Hozuki’s Coolheadedness

4 out of 5

Directed by: Hiro Kaburaki (season 1), Kazuhiro Yoneda (season 2)

covers seasons 1 and 2

I have no idea what, like, 80% of Hozuki’s Coolheadedness is on about. It riffs heavily on Japanese folklore and pop culture, relentlessly, building up characters and their antics based on such things, then populating a lot of spaces in between with sight gags and references. And yet, it’s all delivered so exuberantly that… I’m laughing anyway. That I don’t care that I’m not getting the “real” joke and likely embarrassing myself by laughing at something that’s undoubtedly going over my head. It’s just so giddy; so well paced and visually expressive. It’s that friend who tells the same joke you just told, but infinitely better. It’s the friend who can tell a joke that’s maybe not funny, but it comes across as hilarious anyway.

Hozuki is the advisor to King Enma – the head judge of Japanese Hell – and his titular coolheadedness has him overseeing all of the daily antics that pass by his boss, and through the countless specific hells he oversees, with a nigh-unchanging seriousness. Each episode is split into 15-ish minute sections (generally unconnected in the first season; linked by a character or concept in the second) which proposes some problem that needs solving, and Hozuki issues some type of dry, taciturn ruling – sometimes by manipulating Enma to his side on the matter; sometimes bypassing the king altogether – and then we follow that to its conclusion. However, it’s not that simple really – it’s not just hijinks, juxtaposed against Hozuki’s solemnity; rather, the show revels in the complexities of Hell, and Hozuki’s personality is poked and prodded at throughout, hinting at the sources of his particular proclivities, as well as attributes that his more severe exterior betrays. The massive wealth of folklore from which the show can draw – and the elasticness of its premise – means we get a constant stream of hilariously bizarre and expressive characters, which can be any type of anthropomorph you can imagine, or personifications of mythological figures / creatures, and constant updates to the world of Hell (and heaven), which is represented as a sort of attemptedly bureaucratic setup where X sin goes to Y realm of punishment, attended to by an ever-widening cast.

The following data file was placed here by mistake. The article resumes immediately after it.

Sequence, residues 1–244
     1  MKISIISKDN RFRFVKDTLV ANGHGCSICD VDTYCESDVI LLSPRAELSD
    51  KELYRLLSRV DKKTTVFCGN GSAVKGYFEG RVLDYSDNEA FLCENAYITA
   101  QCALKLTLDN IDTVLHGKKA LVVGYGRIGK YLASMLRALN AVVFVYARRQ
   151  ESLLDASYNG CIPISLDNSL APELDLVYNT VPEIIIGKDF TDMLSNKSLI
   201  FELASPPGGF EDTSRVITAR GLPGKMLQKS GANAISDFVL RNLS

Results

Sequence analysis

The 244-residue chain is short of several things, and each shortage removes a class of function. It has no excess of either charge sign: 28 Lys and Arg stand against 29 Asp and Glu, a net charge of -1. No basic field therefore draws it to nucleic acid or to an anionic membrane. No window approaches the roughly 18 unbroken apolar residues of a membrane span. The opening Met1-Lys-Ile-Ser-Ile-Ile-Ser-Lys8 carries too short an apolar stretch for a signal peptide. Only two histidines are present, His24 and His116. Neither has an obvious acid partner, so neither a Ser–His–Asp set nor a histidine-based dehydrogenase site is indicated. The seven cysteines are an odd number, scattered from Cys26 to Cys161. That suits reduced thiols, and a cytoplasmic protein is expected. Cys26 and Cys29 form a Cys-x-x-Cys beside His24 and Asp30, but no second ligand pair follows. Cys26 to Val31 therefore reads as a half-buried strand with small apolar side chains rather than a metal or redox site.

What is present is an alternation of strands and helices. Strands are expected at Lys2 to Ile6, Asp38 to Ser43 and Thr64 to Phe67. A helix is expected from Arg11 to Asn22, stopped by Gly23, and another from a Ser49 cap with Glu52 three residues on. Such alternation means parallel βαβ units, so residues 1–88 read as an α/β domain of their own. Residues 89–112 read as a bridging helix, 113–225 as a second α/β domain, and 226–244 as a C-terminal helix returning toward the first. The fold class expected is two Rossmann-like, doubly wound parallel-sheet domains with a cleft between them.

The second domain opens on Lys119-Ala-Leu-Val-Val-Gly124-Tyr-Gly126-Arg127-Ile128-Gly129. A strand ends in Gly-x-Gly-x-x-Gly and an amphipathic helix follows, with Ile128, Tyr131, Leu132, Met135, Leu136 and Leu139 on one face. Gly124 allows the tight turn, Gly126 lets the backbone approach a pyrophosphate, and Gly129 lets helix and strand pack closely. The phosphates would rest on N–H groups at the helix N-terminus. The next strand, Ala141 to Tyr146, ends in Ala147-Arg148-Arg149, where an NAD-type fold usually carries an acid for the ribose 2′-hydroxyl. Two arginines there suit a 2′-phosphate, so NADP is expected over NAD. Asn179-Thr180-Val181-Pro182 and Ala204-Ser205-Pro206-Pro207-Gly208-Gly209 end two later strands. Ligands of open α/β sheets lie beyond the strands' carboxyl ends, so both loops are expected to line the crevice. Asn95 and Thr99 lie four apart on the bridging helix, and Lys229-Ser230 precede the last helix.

It’s definitely overwhelming at first, especially without any inherent knowledge of the lore on which this is structured, but the way the show builds on its characters’ personalities and its repeated jokes is incredibly rewarding – while still maintaining its standalone episode format – and, as mentioned, the constant steamrolling of quirky attitude and imagery is entertaining on its own, grounded by having Hozuki as its central character, preventing the tone from slipping in to being too scattershot and ADD; he always keeps us on task for whatever the main issue is, and makes sure we have at least one “sane” character to focus on. The vignette format does mean there are inevitably some topics we wish we could stick with for longer, and inevitably makes things somewhat disposable feeling, but the show at least maintains linear consistency with these topics – if something appears ten episodes back, when we revisit it, it’s with memory intact of that previous appearance.

Wit Studios, handling the first season, sets an incredibly high bar for the look of the show, with incredibly fluid animations and a stylistic affectation on the backgrounds to make them look like classical artwork. I was a bit worried that Studio Deen, on season 2, would be a big step down, and while it’s true that the background work is no longer as flourished or stylized, their somewhat more minimal style and juttery character work might be a better fit for the rapid-fire humor, as it allows the eye and ear to better track all the jokes.

I’d like to say I’ve learned something from Hozuki’s Coolheadedness – like I now have familiarity with the stories and folklore it pings off of – but… I can’t. It’s not the show’s intention, of course, and it flits by too quickly to really sink in. However, the show’s quirky attitude is so infectious, and the animation and humor writing so fluid and sharp, that this has never bothered me: I’m too entertained by that episode’s particular nonsense to care too much that I have no idea what’s being talked about.